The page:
Researchers Have New Information on How Soil Feeds on the Air We Breathe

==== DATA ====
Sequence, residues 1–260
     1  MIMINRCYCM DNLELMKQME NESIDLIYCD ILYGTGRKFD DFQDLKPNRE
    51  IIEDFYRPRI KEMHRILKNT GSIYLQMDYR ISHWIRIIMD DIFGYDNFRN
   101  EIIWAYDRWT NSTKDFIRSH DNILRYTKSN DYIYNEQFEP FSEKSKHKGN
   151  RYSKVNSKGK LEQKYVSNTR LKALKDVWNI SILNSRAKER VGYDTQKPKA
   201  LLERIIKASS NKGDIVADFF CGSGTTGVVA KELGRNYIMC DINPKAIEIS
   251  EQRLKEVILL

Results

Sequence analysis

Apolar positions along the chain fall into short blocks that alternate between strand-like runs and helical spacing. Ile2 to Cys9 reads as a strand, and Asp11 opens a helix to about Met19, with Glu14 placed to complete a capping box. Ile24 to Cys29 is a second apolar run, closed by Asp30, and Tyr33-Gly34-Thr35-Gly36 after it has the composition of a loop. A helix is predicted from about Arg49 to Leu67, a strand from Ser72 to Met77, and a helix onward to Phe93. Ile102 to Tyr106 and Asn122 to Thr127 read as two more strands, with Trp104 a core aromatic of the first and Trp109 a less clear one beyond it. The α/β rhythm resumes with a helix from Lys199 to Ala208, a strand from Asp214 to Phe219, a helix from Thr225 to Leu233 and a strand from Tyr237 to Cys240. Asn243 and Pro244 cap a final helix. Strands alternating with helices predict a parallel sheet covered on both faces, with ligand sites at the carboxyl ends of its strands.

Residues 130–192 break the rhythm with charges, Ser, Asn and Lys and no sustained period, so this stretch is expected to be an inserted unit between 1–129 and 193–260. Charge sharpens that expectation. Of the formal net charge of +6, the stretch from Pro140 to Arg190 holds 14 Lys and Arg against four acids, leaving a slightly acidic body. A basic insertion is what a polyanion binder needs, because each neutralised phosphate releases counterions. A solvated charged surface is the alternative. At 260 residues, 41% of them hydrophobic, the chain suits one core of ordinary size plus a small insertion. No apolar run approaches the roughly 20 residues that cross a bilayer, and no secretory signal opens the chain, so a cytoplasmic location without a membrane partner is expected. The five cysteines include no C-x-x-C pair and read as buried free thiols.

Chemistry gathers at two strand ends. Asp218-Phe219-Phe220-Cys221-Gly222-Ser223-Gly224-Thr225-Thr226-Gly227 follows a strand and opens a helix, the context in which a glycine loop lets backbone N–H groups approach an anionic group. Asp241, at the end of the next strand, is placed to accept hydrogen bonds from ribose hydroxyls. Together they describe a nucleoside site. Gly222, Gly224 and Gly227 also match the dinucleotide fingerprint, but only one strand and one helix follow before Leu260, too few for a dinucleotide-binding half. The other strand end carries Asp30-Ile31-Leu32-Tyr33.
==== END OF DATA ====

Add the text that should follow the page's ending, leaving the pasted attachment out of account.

The soil in a grassland, a forest, a wetland and a desert is quietly working, transforming trace gases in the atmosphere. New research led by Associate Professor Chris Greening from the Monash Biomedicine Discovery Institute has found that more than 70% of soil bacteria feed on the hydrogen, carbon monoxide and methane in the air we breathe. It was previously believed that only 1% of soil bacteria were active in this way. The study examined soil that was in a “natural” state – in an uncultivated native grassland north of Melbourne, in the Wombat State Forest in central Victoria, in a desert north of Alice Springs, and in the Jock Marshall wetlands on the Monash University Clayton campus. In each of these environments, trace gases were being transformed by soil bacteria at similar rates. The researchers also examined soils around the world, with the same results. “So we looked at really different ecosystems, completely different types of soil,” says study co-author Dr Eleonora Chiri. “We found the common denominator was the majority of the bacteria were doing this process. “Then we extended our investigation to look at DNA data from soil worldwide, checking the markers for the utilisation of these trace gases from the atmosphere. We found them everywhere – in tropical peatlands, alpine soils, other forests, grasslands and wetlands in different climatic zones. That helped us generalise in our findings.” “We need to preserve the states of our soil

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